School Resource Officers focus on relationship building this school year
ROANOKE, Va. (WDBJ) - Like any new school year, it takes a while to get back into the swing of things.
Add in masks, social distancing and a two-group, alternating-days schedule, and there’s much less consistency.
”My primary goal is to make sure the kids are behaving safely, people in the building belong in the building, doors are locked,” said Victoria Schmitt, the SRO for Northside High School in Roanoke County.
Schmitt is one of the few constants.
“They’re going to see me more consistently than let’s say a road officer, where they may interact once or twice in their lifetime; they’re going to see me the whole school year.”
Headed into this school year, though, there was pushback across the country, and even in Roanoke on having officers in schools.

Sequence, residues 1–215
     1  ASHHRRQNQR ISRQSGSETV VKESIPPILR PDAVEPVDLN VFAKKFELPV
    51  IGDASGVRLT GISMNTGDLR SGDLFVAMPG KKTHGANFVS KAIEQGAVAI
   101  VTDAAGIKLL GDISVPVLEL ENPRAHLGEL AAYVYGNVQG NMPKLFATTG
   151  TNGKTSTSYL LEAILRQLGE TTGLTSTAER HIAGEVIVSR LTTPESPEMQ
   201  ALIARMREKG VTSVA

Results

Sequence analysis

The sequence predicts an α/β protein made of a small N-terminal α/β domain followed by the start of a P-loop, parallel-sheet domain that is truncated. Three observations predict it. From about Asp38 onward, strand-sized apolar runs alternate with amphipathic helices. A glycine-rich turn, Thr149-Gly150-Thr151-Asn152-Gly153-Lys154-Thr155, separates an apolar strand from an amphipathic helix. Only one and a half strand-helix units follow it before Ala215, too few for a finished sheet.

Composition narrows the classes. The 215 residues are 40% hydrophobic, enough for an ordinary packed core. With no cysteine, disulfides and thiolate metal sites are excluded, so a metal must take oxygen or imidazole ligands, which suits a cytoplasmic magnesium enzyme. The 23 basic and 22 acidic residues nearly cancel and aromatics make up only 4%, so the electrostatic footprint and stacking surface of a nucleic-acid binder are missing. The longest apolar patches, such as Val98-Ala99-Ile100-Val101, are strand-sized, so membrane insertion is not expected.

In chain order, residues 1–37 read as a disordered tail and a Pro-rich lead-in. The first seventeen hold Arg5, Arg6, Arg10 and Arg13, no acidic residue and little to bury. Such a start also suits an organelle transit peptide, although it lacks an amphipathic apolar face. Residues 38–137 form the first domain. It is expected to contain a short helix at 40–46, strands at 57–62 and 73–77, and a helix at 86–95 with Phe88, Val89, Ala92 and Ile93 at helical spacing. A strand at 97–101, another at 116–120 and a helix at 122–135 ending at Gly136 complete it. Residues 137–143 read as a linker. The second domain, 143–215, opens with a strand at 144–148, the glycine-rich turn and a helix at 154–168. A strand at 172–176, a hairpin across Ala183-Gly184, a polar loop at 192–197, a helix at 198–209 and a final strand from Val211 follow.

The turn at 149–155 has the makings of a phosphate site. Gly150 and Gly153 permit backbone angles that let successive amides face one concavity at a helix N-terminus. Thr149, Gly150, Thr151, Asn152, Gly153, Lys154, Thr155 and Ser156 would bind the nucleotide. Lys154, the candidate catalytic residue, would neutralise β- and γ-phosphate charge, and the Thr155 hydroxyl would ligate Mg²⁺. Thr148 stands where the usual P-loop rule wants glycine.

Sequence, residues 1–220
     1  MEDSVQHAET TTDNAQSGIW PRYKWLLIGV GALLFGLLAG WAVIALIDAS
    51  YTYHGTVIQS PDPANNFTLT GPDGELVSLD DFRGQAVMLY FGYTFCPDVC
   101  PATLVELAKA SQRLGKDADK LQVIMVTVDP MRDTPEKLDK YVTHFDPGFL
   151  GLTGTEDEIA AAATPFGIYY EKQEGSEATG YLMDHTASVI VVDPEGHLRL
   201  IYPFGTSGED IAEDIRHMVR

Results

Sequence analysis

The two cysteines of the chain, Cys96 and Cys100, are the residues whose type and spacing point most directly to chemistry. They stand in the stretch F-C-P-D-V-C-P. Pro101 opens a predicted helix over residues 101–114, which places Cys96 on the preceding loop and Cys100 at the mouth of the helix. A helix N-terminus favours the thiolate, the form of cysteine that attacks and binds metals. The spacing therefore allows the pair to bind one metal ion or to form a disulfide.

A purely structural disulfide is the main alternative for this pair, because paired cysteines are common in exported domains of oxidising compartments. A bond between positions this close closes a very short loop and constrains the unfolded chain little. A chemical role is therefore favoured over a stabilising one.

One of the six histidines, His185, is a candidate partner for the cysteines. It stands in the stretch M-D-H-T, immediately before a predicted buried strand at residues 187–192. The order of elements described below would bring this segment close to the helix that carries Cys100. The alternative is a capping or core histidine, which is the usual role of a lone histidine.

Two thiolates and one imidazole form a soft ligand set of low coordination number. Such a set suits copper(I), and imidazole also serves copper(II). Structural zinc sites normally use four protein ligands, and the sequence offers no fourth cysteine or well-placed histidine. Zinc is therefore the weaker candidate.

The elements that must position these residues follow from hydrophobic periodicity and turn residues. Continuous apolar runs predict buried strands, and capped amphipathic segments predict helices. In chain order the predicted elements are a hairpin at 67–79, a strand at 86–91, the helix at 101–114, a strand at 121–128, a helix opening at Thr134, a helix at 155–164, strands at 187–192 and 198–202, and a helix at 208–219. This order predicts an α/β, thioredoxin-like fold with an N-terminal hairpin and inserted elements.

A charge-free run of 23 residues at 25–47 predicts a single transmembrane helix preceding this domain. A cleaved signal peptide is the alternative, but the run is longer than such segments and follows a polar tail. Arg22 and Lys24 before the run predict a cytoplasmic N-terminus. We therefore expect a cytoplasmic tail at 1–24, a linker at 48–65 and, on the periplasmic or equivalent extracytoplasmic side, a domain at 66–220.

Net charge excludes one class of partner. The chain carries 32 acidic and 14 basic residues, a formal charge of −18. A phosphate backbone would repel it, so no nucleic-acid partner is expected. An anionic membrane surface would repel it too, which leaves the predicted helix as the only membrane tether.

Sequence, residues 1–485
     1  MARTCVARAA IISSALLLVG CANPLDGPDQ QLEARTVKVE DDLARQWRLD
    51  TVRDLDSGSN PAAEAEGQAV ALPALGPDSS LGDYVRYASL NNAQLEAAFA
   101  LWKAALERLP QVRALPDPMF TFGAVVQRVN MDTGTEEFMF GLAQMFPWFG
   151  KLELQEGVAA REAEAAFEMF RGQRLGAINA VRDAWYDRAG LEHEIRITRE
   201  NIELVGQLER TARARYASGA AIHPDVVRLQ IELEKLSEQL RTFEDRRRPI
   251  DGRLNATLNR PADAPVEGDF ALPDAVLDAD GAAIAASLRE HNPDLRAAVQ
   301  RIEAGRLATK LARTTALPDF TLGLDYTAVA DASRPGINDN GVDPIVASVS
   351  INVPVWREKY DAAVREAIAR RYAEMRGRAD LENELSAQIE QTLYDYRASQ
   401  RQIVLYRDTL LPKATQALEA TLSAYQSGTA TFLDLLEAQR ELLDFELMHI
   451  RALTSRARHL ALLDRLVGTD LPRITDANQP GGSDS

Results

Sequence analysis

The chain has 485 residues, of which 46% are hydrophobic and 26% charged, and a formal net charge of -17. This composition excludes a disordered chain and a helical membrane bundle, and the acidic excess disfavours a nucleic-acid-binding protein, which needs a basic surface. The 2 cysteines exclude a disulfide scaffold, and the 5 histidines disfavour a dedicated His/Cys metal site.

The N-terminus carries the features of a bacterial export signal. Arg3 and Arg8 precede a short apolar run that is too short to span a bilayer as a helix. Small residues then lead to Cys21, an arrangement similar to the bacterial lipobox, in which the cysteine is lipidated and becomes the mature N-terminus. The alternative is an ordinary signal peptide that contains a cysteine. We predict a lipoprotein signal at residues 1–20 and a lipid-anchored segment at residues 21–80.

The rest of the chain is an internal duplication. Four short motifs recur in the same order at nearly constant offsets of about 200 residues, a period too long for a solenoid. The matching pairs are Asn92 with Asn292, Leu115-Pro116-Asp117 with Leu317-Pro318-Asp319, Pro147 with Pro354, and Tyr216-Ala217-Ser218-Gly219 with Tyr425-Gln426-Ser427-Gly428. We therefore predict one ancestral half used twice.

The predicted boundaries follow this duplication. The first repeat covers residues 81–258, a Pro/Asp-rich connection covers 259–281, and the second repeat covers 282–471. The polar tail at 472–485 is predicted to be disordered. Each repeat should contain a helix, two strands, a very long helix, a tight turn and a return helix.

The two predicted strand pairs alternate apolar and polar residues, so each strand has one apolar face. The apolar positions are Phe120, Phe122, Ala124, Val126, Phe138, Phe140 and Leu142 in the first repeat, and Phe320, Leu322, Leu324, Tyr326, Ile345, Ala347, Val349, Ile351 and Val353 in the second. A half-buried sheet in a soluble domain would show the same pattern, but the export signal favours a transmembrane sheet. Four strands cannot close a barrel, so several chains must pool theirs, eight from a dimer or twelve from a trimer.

In August, the group No Justice, No Peace Roanoke held a “Cops Out of Schools” event.
Sgt. Dan Walters says he couldn’t imagine life without officers in schools.
“Me being the sergeant over the program, I never really see a complaint come through my desk, where they’re complaining about an officer or the actions that they’ve taken; it’s always been positive,” said Walters.
Right now that positivity looks like a fist bump rather than a hug. For Schmitt, the best conversations have nothing to do with policing.
“You know, come and talk about their new job over the summer or that they just opened up their first bank account,” said Schmitt.
And while the role hasn’t changed much this year, the burden of the responsibility of the position is even greater.
“It’s not so much as a standoff relationship when the student comes into contact with an officer outside of school. We’re not there to attack them, to scare them, we’re there as someone there to protect them,” said Walters.
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